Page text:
The dangers faced by undocumented immigrants trying to cross into the United States from Central America have been highlighted by a tragedy that took place last month: a young boy from Guatemala was found dead about a mile from the South Texas and Mexico border.
Gilberto Francisco Ramos Juarez was just 11 years old when he died. Officials say that a ‘coyote’ he had paid to take him across the border had left him behind and Juarez had then succumbed to exposure. His body was found a few weeks ago but was not identified until recently. Juarez left his home in Huehuetenango, Chiantla, Guatemala ‒ one of the poorest regions in the whole of the western hemisphere ‒ to try to get to America.
Juarez was an unaccompanied immigrant minor ‒ one of an increasingly expanding subset of immigrants from Central America. More than 52,000 unaccompanied minors have already been taken into custody this year after being caught crossing the US border; many of these are fleeing their home countries due to gang violence and massive poverty and are trying to find a better life in America.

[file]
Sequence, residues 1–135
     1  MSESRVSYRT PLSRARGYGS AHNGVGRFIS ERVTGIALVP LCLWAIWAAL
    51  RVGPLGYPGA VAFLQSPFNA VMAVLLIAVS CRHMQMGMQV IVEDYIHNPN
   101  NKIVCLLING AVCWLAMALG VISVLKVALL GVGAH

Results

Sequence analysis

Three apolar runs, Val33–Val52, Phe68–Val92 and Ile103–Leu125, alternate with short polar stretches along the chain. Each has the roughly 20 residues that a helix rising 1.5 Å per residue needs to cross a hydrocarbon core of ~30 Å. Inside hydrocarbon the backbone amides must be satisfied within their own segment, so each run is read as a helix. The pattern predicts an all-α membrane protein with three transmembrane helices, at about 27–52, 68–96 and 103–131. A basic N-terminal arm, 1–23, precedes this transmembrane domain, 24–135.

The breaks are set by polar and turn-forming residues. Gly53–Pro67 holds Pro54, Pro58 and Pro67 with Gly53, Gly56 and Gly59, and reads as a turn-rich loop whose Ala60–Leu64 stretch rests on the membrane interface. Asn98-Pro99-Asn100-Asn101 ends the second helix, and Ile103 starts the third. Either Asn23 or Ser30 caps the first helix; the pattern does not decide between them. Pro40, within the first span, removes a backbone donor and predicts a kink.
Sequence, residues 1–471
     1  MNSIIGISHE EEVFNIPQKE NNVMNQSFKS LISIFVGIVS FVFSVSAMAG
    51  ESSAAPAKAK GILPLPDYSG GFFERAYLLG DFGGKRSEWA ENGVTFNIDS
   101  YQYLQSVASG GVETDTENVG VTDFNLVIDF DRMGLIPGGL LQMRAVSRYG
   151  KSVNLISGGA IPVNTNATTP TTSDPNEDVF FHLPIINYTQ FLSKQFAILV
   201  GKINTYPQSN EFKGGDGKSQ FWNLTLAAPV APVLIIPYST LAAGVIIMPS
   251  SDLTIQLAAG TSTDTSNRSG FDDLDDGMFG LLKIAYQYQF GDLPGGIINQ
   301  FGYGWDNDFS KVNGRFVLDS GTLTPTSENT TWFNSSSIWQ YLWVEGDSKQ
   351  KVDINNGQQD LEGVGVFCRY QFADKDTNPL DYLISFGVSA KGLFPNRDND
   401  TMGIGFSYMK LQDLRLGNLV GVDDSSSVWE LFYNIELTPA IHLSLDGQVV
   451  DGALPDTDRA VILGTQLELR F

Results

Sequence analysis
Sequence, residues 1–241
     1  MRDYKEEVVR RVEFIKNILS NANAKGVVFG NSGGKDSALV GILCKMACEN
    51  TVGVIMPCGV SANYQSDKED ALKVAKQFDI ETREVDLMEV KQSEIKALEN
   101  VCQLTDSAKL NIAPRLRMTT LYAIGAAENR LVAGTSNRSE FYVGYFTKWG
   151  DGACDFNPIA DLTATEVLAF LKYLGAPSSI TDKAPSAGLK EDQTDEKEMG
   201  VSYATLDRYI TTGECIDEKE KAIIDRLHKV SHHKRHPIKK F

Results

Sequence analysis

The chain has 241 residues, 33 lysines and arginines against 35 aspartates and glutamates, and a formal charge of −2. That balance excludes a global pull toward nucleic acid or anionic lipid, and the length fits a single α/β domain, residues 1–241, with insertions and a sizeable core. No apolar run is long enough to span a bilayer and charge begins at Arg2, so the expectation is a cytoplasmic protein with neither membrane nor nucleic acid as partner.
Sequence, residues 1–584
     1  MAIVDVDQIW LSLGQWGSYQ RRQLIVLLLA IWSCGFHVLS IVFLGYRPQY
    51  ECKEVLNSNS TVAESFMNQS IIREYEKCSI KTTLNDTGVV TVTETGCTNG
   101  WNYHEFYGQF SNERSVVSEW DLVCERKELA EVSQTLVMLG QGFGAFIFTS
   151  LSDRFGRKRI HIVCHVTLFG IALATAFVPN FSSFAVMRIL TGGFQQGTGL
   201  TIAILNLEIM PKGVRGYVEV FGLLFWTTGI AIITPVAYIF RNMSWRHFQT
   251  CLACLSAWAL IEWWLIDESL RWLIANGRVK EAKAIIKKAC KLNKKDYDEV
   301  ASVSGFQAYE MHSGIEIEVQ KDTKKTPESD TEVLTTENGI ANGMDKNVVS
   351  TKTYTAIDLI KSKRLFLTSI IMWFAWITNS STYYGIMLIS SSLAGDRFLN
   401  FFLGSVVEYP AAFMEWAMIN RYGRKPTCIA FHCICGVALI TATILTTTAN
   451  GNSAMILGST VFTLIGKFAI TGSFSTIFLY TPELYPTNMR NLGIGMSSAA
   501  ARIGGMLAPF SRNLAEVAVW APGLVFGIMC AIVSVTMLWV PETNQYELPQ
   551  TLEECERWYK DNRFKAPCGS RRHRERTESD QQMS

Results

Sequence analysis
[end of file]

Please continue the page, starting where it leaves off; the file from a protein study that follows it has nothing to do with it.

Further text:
The increase in the number of unaccompanied immigrant minors has been so sudden that it has been called an “urgent humanitarian situation” by President Obama, who declared on Monday that he is no longer prepared to wait for the House of Representatives to deal with immigration reform.